providing a software database containing data relating to the first software response and first hardware response, and a hardware database containing data relating to the second software response and second hardware response;
scanning an image from the first printer, yielding first print appearance data;
scanning an image from the second printer, yielding second print appearance data; and
influencing at least one of the first processor and the first engine based on the first appearance data and the second appearance data to cause the first printer to output a print appearance approaching the second print appearance data.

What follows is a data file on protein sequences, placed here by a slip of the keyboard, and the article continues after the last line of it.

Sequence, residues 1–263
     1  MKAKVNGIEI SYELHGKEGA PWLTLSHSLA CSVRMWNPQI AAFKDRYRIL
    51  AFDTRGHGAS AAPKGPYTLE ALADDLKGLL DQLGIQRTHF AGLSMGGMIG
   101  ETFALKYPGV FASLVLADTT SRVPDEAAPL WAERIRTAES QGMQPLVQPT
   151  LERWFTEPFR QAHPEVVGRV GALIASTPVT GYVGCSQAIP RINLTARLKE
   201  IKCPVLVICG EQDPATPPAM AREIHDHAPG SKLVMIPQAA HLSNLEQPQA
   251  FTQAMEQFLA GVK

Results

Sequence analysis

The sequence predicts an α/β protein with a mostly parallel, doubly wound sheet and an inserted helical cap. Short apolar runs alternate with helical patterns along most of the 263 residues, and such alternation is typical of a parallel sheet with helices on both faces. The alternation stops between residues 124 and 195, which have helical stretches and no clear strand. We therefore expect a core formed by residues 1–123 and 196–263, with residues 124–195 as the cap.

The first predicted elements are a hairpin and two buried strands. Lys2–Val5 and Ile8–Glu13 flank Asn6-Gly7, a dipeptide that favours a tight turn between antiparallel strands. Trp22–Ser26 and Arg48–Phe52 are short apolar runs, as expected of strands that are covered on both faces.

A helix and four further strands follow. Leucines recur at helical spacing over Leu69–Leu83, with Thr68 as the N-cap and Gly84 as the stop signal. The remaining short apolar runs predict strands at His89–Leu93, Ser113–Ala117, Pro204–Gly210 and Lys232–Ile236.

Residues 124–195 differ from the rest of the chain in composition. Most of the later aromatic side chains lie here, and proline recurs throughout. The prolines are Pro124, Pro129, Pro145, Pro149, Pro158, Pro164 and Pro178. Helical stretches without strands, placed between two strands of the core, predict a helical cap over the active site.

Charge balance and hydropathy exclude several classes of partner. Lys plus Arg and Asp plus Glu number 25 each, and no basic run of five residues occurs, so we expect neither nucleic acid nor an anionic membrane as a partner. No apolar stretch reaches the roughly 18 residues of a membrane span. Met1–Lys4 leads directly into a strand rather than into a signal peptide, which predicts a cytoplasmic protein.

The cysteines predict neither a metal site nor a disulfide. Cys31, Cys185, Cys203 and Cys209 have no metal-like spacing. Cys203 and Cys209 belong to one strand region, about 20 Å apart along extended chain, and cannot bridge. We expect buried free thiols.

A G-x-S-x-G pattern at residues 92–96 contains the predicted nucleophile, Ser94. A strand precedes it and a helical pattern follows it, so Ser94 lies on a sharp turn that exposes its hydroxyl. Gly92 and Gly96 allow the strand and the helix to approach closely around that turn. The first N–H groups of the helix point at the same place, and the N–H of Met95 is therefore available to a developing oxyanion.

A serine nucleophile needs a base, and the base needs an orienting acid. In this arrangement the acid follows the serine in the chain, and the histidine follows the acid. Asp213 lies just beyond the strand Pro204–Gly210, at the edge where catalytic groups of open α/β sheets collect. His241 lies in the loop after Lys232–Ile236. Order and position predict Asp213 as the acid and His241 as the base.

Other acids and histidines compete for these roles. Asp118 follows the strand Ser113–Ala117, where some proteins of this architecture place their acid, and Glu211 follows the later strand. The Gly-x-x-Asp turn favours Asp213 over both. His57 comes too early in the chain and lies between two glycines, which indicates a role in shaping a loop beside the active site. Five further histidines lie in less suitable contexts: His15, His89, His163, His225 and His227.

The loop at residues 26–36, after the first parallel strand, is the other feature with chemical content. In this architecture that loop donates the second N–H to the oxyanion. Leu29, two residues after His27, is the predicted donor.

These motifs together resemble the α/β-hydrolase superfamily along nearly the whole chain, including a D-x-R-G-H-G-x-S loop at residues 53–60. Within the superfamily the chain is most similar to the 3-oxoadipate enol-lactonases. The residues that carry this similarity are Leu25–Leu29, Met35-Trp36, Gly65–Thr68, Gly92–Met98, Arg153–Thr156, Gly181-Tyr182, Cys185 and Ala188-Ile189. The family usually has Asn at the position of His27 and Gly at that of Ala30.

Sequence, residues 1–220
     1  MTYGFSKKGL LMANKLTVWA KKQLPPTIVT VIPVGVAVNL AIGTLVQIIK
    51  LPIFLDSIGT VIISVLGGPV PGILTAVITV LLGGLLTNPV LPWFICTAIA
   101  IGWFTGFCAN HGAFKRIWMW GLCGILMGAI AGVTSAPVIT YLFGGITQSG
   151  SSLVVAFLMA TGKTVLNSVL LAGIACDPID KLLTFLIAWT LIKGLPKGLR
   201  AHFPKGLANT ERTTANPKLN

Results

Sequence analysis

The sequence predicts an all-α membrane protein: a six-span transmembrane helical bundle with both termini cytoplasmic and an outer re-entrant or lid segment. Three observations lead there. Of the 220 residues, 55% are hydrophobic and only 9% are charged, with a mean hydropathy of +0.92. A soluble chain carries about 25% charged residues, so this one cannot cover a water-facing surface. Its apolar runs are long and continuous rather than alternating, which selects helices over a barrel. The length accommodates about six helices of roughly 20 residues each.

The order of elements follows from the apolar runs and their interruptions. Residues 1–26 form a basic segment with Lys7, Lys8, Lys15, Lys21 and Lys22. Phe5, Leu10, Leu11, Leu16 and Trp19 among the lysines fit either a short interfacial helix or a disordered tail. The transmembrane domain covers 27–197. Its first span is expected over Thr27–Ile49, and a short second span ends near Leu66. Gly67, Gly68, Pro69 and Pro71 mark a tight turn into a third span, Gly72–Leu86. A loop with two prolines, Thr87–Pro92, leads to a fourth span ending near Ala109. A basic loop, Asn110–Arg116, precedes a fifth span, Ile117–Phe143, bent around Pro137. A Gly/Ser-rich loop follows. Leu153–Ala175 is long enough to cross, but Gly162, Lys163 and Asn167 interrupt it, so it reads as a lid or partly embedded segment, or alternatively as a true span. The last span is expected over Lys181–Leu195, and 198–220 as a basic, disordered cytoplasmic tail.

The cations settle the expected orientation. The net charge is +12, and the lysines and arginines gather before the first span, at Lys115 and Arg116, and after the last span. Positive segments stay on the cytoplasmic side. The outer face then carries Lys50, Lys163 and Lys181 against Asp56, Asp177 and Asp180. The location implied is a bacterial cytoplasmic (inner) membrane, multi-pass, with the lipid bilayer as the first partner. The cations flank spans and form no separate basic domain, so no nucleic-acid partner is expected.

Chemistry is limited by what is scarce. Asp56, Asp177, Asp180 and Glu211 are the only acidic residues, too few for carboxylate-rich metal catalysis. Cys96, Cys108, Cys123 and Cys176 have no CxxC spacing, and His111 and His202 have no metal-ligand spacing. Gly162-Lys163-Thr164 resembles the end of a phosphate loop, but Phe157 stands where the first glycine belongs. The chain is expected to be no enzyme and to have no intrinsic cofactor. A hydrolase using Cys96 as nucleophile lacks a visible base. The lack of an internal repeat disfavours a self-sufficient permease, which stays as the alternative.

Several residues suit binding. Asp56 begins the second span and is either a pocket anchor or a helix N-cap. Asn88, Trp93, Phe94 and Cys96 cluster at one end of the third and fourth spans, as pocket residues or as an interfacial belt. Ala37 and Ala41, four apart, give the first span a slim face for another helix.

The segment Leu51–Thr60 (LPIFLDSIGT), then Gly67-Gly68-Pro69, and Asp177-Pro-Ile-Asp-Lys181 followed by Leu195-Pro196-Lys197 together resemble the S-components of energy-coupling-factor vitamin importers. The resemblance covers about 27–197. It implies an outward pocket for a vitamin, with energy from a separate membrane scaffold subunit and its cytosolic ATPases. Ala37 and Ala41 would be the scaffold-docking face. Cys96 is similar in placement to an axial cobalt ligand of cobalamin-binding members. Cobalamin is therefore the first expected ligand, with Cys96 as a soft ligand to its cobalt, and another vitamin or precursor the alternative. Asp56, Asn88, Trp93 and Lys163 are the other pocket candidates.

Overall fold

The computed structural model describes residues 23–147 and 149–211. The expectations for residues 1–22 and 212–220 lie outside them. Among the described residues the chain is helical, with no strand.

2. The method of claim 1, further comprising
influencing only one of the first processor and the first engine based on data from the software database and the hardware database.
3. The method of claim 1, further comprising
influencing at least one of the first processor and the first engine and at least one of the second processor and the second engine based on data from the software database and the hardware database.
4. The method of claim 1, further comprising
populating the hardware database with data relating to the first engine.
5. The method of claim 4, further comprising
populating the hardware database with predetermined data relating to a model of the first printer.
6. The method of claim 4, further comprising
populating the hardware database with data derived from operation of the first printer.
7. The method of claim 1, the influencing including
constraining a color selection sent from the first processor to the first engine, based on a hardware response of the second engine.
8. The method of claim 1, further comprising